We have since visited Tortola, Normans island, and Jost Van Dyke in the BVI,as well as the USVI, but the photos will have to wait. So
much to do in paradise, and internet is still sketchy. We plan to explore St Johns, in the USVI while we await a weather window to St
Martin, which is upwind - and the winds and seas have been more than we want to deal with.
On a US Park Service mooring at Francis Bay, St John, USVI.
Anchored in Coral bay, St John, USVI. This is a sheltered bay, with a small town, but is our departure port for the Leeward islands. That is
the northern chain of islands in the Caribbean. We were planning to go to St Martin, but the trade winds are fairly strong and right on the
nose. The forecast is to diminish a bit, and we may head to some of the more southern (slightly) islands for a better wind angle (safer and
faster, AND much more comfortable). How about Antigua, or St Kitts, on the way to Grenada? Probably this weekend. One good thing
about Coral bay is the cheap and entertaining bus service to Cruz bay, where we signed out of the country for customs & immigration
today. Unfortunately, George, and June (who joined us a week ago in St Thomas) are not able to join us further.
After we left Virgin Gorda, we headed to Tortola with a nice downwind (slow) sail. We got to try the chicken chute for the first time. I think
it has lots of potential for dead downwind sailing in strong winds, but may benefit from a snuffer. It is an old, used, heavy, symmetrical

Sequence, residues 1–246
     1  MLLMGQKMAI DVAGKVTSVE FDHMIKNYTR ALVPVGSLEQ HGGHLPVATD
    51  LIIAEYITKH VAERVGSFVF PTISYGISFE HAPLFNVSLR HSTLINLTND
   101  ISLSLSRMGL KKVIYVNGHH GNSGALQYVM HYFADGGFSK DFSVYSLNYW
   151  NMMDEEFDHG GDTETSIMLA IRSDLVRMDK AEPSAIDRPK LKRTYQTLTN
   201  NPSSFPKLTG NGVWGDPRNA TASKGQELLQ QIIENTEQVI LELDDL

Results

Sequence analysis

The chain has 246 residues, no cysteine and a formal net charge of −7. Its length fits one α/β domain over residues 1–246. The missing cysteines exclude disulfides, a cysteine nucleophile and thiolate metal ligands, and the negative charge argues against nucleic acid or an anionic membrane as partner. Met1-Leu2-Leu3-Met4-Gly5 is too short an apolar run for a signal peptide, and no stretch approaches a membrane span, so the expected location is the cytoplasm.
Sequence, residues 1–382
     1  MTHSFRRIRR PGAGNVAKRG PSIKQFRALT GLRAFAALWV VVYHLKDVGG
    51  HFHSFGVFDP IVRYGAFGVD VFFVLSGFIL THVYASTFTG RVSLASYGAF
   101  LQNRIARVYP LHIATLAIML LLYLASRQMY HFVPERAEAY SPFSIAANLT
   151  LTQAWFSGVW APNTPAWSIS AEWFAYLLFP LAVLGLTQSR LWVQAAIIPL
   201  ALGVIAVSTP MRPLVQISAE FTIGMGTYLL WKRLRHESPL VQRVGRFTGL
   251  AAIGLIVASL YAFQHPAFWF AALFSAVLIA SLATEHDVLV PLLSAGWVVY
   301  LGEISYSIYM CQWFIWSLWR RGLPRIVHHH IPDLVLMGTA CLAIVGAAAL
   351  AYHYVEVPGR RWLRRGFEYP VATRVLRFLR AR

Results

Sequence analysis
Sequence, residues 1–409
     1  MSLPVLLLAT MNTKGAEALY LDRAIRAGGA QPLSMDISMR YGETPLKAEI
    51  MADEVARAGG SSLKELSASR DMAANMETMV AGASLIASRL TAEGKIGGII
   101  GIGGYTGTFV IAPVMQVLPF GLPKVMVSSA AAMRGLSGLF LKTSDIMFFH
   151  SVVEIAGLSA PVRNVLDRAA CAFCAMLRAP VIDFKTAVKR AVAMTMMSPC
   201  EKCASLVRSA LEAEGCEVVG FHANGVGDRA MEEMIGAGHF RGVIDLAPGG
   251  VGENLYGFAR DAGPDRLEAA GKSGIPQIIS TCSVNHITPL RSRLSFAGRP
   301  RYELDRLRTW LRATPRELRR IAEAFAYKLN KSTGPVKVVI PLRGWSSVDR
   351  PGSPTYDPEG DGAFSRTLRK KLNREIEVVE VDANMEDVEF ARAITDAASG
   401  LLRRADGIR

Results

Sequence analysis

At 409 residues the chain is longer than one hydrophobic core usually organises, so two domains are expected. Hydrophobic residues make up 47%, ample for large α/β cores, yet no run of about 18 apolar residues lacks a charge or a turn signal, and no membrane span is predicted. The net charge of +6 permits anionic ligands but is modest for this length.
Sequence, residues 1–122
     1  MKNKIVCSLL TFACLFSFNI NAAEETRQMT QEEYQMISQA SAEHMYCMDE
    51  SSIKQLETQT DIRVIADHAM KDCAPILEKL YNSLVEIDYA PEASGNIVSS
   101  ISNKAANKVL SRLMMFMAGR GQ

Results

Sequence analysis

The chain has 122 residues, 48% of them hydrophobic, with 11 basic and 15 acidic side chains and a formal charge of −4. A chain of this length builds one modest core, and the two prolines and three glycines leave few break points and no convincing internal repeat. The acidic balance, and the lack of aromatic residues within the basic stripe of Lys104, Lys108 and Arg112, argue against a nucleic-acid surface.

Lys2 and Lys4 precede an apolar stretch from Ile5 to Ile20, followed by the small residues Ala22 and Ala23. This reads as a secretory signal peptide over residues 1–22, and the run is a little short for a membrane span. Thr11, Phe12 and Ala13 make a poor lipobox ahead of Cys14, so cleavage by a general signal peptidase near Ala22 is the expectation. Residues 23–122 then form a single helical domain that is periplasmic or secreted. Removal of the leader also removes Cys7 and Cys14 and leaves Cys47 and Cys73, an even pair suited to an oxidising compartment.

spinnaker. It came with a big red letter "H"on it. I wonder what it could stand for. Just set it between the hulls and don't bother with the
mainsail - and the risk of the dreaded gybe.
Road Town, Tortola is a fairly busy place, with lots of charter businesses and cruise ships. The anchorage is sheltered, but rolly from all
the boat traffic. We stopped in to visit the Moorings at their very nice, new, upscale facility. I was interested to know what is the
relationship of Leopard owners, and the Moorings charter company in all their facilities. Several sales people talk as if this is a big plus to
owning a Leopard. They were friendly and polite, but didn't know what I was taking about. Perhaps if I pushed harder and went up the
chain of command I would have gotten answers. Hey, I was there to enjoy paradise.
We headed to Norman island, but the bay we were planning to anchor (the Bight) was full of mooring balls, so were left and found a
beautiful, sheltered calm bay (Benures) where we did some nice snorkeling. The next day we sailed for Jost Van Dyke, but considered